TOKYO: Rising global commodity prices are likely to push up Japan’s consumer inflation, though only for a temporary period, and to a smaller extent than in Western economies, the Bank of Japan said.
As the inflation is driven by robust overseas demand, Japan’s corporate profits will see the hit from higher import costs more than offset by the benefits of solid exports, the central bank said.
“The underlying increase in commodity prices will worsen Japan’s terms of trade for the time being,” the BOJ said in a report. “But that will be outweighed by positives, such as rising exports and capital expenditure.” Japan’s wholesale prices rose 5.1 per cent in May from a year earlier, their fastest pace since 2008, fuelled by rising commodity costs.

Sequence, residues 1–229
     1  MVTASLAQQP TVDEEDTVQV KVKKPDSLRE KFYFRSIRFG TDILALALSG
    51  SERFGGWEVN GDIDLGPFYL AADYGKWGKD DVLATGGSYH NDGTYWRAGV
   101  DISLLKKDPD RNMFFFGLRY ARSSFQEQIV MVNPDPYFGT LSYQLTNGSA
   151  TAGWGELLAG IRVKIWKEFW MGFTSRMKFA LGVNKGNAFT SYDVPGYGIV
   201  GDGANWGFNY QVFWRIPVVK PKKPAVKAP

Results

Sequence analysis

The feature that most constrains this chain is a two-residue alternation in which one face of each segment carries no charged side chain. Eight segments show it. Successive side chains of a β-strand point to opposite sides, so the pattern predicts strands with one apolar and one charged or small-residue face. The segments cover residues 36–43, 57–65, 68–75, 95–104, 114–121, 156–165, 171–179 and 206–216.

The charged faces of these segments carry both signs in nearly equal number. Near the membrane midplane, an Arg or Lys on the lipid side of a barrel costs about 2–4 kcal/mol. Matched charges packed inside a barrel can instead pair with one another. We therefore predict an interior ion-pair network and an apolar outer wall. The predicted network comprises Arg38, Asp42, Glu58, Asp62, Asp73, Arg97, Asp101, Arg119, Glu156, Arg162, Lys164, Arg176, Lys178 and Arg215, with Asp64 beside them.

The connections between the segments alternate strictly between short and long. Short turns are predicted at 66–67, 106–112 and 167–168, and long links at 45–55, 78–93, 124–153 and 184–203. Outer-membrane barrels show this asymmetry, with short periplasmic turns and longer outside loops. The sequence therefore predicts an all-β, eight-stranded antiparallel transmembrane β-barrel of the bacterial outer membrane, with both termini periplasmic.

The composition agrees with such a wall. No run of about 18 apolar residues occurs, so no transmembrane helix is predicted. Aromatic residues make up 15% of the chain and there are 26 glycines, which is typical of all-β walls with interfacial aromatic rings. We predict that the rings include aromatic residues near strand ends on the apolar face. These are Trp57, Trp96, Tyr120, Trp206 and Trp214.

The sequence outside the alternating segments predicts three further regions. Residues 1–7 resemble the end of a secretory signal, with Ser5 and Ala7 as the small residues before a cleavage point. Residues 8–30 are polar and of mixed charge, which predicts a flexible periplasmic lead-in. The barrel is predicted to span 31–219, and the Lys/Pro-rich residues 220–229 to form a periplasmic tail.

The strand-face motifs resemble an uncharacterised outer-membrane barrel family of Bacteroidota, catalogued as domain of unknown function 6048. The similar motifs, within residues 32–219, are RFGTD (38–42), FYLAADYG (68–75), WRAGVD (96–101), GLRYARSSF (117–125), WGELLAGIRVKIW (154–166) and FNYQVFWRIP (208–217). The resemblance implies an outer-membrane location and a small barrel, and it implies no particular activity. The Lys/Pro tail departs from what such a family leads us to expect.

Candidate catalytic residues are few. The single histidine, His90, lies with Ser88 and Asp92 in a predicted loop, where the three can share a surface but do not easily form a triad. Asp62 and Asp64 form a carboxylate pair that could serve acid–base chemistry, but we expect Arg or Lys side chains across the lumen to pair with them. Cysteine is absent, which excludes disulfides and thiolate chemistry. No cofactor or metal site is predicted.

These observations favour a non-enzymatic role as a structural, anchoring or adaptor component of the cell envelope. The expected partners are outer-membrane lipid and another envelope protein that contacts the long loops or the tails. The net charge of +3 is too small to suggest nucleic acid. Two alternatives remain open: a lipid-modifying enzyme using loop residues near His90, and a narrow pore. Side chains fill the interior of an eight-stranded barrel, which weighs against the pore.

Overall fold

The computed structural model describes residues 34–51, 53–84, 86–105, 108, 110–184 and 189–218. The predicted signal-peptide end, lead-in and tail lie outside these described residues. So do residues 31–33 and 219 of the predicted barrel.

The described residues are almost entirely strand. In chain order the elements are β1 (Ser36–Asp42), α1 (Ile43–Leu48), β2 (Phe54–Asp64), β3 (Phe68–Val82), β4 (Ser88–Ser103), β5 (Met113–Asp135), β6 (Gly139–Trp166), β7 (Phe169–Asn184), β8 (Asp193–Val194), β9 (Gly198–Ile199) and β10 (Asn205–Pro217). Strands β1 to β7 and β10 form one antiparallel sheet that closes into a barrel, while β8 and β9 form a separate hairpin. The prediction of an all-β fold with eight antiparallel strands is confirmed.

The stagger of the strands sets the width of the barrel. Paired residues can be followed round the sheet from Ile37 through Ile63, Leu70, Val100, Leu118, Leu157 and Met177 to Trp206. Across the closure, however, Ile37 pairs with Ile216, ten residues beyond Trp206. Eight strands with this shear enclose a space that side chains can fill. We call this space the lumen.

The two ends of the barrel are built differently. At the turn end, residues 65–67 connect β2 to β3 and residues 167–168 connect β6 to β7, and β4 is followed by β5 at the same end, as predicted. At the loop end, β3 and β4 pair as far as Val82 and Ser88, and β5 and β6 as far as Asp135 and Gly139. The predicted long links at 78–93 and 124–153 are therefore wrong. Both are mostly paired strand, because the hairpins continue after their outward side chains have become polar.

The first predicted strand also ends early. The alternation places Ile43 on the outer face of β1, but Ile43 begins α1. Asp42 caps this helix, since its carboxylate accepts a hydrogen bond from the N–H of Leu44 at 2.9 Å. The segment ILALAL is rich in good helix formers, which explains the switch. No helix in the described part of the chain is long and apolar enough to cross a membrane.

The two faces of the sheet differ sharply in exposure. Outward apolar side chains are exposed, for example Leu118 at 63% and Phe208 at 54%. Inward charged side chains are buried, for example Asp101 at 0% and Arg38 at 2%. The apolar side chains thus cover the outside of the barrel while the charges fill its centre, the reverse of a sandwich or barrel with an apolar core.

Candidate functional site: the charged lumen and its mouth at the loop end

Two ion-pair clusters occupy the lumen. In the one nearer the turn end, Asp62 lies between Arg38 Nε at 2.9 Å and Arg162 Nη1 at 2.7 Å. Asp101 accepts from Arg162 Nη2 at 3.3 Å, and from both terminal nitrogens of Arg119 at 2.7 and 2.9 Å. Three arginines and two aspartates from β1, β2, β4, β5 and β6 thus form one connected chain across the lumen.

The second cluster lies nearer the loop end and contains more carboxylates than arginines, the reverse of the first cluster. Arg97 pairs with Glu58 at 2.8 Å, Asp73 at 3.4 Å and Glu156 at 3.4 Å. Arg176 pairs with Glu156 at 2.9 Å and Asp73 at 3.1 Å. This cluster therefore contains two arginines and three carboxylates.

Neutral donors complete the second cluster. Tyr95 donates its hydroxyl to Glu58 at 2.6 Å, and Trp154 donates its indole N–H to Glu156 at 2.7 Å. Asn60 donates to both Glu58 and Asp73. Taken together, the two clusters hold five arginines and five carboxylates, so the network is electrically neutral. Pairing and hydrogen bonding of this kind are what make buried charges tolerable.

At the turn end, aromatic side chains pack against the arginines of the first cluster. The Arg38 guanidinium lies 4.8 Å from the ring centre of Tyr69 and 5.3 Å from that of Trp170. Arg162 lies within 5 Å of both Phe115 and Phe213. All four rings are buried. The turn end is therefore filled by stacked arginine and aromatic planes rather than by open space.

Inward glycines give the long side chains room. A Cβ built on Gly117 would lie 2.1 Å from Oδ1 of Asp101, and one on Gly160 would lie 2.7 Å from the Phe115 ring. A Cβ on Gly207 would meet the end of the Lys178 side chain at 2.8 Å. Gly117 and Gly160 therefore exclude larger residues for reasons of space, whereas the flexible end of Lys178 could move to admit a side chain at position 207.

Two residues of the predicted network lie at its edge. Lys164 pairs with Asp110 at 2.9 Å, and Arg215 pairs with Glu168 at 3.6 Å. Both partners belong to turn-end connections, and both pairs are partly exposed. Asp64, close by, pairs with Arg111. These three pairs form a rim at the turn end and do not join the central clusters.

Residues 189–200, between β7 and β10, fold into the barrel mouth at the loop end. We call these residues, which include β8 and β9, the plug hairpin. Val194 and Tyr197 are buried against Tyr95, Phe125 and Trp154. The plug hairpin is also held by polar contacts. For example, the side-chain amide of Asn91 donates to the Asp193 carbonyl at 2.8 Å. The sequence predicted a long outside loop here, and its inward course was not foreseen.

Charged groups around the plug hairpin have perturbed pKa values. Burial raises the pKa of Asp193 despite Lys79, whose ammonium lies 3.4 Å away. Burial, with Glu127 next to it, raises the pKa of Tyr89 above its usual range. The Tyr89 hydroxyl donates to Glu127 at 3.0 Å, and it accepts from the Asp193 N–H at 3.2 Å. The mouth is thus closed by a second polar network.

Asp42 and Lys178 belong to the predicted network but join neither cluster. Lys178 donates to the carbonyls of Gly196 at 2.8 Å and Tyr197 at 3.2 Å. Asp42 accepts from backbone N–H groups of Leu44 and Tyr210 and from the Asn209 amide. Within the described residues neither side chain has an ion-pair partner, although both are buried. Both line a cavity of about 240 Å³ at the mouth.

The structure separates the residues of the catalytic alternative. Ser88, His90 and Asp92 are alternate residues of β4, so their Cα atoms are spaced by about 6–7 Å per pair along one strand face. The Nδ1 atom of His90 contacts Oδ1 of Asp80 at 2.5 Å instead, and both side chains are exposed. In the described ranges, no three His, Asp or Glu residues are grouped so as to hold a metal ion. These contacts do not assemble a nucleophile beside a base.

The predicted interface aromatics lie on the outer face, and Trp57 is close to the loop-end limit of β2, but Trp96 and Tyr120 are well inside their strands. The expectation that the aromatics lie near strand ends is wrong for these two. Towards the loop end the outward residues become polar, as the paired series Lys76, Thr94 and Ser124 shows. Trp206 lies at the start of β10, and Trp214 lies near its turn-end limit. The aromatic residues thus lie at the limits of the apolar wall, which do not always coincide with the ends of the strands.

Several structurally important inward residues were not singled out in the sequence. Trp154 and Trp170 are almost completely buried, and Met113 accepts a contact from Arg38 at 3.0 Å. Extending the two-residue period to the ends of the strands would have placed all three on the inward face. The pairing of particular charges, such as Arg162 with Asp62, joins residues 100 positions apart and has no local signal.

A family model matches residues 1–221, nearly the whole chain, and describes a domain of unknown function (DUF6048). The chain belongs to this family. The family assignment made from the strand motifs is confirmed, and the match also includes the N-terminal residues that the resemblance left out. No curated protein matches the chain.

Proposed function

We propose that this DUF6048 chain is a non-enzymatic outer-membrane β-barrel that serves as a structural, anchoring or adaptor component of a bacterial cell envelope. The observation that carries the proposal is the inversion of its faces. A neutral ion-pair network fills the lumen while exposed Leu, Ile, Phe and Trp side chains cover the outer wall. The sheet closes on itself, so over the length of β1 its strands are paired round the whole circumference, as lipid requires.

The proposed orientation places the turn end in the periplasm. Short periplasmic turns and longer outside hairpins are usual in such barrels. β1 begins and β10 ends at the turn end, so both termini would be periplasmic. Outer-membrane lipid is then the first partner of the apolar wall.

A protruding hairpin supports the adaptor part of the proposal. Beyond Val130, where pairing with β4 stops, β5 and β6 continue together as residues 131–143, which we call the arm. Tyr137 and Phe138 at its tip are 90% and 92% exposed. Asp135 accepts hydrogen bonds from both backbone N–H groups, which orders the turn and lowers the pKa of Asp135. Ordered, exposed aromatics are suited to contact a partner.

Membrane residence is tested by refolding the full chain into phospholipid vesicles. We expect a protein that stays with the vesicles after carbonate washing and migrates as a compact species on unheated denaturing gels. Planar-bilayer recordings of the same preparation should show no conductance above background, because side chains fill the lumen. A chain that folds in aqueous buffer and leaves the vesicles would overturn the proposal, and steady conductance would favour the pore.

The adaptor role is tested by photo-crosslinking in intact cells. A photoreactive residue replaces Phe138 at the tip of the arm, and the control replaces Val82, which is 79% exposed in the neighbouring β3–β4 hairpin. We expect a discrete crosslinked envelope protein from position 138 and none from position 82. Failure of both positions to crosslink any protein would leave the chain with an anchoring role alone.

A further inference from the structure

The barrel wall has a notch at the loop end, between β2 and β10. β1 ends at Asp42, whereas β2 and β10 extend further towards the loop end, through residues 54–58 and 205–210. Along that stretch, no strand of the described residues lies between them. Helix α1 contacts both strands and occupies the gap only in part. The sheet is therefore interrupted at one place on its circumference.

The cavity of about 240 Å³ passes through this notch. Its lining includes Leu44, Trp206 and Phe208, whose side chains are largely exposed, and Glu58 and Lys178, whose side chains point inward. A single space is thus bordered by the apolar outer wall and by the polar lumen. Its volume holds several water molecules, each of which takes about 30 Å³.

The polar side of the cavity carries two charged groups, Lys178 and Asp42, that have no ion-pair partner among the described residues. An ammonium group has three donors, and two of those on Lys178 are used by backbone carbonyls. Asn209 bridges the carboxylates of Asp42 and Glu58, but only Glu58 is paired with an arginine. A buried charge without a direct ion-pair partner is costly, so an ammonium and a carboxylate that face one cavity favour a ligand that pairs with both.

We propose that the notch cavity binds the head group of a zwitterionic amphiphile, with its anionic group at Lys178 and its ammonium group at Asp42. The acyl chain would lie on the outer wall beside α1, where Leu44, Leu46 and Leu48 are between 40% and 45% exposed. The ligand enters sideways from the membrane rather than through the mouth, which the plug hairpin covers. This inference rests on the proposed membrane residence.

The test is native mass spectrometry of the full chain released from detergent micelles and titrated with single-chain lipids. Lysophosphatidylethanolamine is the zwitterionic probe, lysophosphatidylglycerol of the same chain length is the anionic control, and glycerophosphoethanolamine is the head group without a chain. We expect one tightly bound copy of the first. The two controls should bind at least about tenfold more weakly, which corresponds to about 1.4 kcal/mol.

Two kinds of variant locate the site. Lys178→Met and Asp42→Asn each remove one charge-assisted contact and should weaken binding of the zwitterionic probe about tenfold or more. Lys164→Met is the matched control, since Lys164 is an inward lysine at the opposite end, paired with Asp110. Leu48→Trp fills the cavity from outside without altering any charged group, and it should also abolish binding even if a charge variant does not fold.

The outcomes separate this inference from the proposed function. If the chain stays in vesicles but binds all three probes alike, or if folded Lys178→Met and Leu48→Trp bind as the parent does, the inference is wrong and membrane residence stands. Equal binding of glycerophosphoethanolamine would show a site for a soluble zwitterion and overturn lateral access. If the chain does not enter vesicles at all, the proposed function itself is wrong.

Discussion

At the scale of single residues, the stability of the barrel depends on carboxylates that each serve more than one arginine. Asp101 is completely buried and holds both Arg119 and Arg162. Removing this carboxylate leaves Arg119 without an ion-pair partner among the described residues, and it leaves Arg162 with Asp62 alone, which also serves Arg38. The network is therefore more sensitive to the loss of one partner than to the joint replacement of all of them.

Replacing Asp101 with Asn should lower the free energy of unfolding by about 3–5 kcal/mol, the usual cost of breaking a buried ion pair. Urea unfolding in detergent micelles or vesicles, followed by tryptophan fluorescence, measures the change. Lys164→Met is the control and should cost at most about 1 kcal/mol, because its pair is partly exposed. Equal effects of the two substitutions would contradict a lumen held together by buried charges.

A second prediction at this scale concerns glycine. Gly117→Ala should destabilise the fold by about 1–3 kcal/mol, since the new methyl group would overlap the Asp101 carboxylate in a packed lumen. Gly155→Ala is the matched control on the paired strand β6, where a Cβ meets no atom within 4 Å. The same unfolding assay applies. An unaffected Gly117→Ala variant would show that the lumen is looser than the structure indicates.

But core consumer prices, the BOJ’s preferred measure of inflation, rose just 0.1 per cent in May as weak domestic demand kept firms from passing on the higher costs.
Even when demand is strong, Japanese firms tend to be slower to pass on costs than Western counterparts, which will keep any rise in consumer inflation moderate. “Looking at past experiences, any rise in consumer inflation driven solely by raw material costs will not broaden, and end up being transitory,” the bank said. — Reuters